"The Last Case of Jules de Granjerque."
By John York Cabot (David Wright O'Brien, 1918-44).
Illustration by Ned Hadley (HERE).
First appearance: Fantastic Adventures, April 1943.
Short story (15 pages).
Online at Roy Glashan's Library (RGL; HTML; HERE).
"Of a certainty, there is no such thing as the haunted house."
Our narrator, poor man, will have to endure what many "Watsons" have been forced to suffer over the centuries:
"I nodded, glumly aware that my brilliant little colleague was going to con-
duct this super-supernatural investigation in much the same fashion as he had on all other occasions on which I'd been privileged to accompany him. I would have to wait for the complete story before he gave me any of it other than what became evident as he proceeded with the case."
. . . not to mention a face full of mud.
~ Jules de Granjerque:
"It is always thus when I, Jules de Granjerque, accept a case involving what other foolish mortals fear to be occultism. Always, I am able to prove their fears are stupid, groundless."
~ Dr. Throwbunk:
"My limousine was my pride and joy, a master automobile. My little friend de Granjerque drove with all the wild recklessness of a gaucho. The thought of his sitting behind the
wheel of that car—especially on a night such as this—was more than I could stand."~ Silas Burton:
". . . they say it—the building—is haunted!"
~ The apparition:
"I was blinking at the ghost, terrified yet, but bewildered by de Granjerque's courageous challenge. It was a huge thing, I saw now, and it was sheeted, completely enshrouded in white, with two black holes for eyes."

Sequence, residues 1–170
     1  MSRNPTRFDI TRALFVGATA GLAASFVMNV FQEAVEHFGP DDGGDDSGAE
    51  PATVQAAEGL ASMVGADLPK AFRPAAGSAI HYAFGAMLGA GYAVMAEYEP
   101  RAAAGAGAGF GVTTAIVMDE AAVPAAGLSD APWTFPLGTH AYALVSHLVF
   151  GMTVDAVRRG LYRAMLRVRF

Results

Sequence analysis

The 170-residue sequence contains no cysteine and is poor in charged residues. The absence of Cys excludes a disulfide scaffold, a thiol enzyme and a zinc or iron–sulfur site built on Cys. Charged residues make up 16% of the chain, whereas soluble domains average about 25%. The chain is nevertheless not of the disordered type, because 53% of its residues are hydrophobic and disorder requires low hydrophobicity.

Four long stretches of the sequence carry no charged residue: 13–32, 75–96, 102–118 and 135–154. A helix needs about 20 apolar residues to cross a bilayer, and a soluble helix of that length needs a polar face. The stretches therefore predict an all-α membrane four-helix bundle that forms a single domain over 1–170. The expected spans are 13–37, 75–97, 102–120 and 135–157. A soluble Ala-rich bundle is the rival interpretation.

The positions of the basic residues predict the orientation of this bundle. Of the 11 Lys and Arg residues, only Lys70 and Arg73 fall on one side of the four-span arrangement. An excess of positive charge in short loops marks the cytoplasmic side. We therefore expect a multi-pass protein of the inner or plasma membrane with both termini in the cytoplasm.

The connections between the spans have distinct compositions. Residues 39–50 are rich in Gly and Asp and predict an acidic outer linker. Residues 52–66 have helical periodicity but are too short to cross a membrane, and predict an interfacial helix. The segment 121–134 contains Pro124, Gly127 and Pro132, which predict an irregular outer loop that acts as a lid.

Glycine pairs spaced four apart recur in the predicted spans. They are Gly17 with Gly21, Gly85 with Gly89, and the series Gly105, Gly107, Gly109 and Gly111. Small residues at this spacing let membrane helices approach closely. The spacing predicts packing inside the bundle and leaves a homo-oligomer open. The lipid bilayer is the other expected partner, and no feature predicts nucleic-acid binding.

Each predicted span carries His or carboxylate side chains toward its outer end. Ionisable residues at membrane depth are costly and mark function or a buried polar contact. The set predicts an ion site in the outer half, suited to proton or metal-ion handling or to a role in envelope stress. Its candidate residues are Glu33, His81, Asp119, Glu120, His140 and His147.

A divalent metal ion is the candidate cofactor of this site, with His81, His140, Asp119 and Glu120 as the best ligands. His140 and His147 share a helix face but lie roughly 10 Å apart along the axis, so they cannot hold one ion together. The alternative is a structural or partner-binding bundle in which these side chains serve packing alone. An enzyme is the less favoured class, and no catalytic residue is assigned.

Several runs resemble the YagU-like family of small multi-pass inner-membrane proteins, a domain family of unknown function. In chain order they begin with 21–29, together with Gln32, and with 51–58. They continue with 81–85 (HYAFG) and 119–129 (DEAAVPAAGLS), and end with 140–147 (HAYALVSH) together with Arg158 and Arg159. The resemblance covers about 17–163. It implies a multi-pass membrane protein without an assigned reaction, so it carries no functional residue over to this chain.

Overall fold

~ "in the manner of the Flying Dutchman piloting a ship through a storm": An enduring legend that popular culture won't turn loose of.
"The Flying Dutchman (Dutch: De Vliegende Hollander) is a legendary ghost ship that can never make port and is doomed to sail the oceans forever. If hailed by another ship, the crew of the Flying Dutchman will try to send messages to land, or to people long dead. In ocean lore, the sight of this phantom ship is a portent of doom." (Wikipedia HERE).
~ "his Wembly-Vickers in his hand": We know Webly made revolvers and Vickers made machine guns; O'Brien seems to be alluding slantwise to Walter Mitty's mythical Webly-Vickers.
"Walter James Mitty is a fictional character in James Thurber's first short story 'The Secret Life of Walter Mitty,' first published in The New Yorker on March 18, 1939, and in book form in My World — and Welcome to It in 1942." (Wikipedia HERE).
- David Wright O'Brien wrote under many aliases; see the ISFDb (HERE) for his SFFnal works.
- Last Friday we featured O'Brien's "Dibble Dabbles in Death" (HERE).